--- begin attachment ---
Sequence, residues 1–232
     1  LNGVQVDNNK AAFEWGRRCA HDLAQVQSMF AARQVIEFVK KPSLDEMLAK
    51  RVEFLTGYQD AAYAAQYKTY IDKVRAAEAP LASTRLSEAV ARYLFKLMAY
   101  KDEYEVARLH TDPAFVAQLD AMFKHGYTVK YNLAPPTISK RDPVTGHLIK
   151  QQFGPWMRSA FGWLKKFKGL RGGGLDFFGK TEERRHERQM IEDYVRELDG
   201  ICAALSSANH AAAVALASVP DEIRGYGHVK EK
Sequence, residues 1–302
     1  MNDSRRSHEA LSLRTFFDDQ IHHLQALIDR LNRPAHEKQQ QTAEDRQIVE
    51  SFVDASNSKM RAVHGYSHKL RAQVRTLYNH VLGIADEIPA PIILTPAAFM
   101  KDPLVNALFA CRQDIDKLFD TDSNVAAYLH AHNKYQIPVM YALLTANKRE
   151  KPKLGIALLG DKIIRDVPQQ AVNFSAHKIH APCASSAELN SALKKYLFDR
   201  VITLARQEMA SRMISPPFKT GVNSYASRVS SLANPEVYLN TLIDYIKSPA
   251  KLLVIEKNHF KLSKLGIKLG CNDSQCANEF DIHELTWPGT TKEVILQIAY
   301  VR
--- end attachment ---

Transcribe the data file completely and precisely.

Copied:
Sequence, residues 1–232
     1  LNGVQVDNNK AAFEWGRRCA HDLAQVQSMF AARQVIEFVK KPSLDEMLAK
    51  RVEFLTGYQD AAYAAQYKTY IDKVRAAEAP LASTRLSEAV ARYLFKLMAY
   101  KDEYEVARLH TDPAFVAQLD AMFKHGYTVK YNLAPPTISK RDPVTGHLIK
   151  QQFGPWMRSA FGWLKKFKGL RGGGLDFFGK TEERRHERQM IEDYVRELDG
   201  ICAALSSANH AAAVALASVP DEIRGYGHVK EK
Sequence, residues 1–302
     1  MNDSRRSHEA LSLRTFFDDQ IHHLQALIDR LNRPAHEKQQ QTAEDRQIVE
    51  SFVDASNSKM RAVHGYSHKL RAQVRTLYNH VLGIADEIPA PIILTPAAFM
   101  KDPLVNALFA CRQDIDKLFD TDSNVAAYLH AHNKYQIPVM YALLTANKRE
   151  KPKLGIALLG DKIIRDVPQQ AVNFSAHKIH APCASSAELN SALKKYLFDR
   201  VITLARQEMA SRMISPPFKT GVNSYASRVS SLANPEVYLN TLIDYIKSPA
   251  KLLVIEKNHF KLSKLGIKLG CNDSQCANEF DIHELTWPGT TKEVILQIAY
   301  VR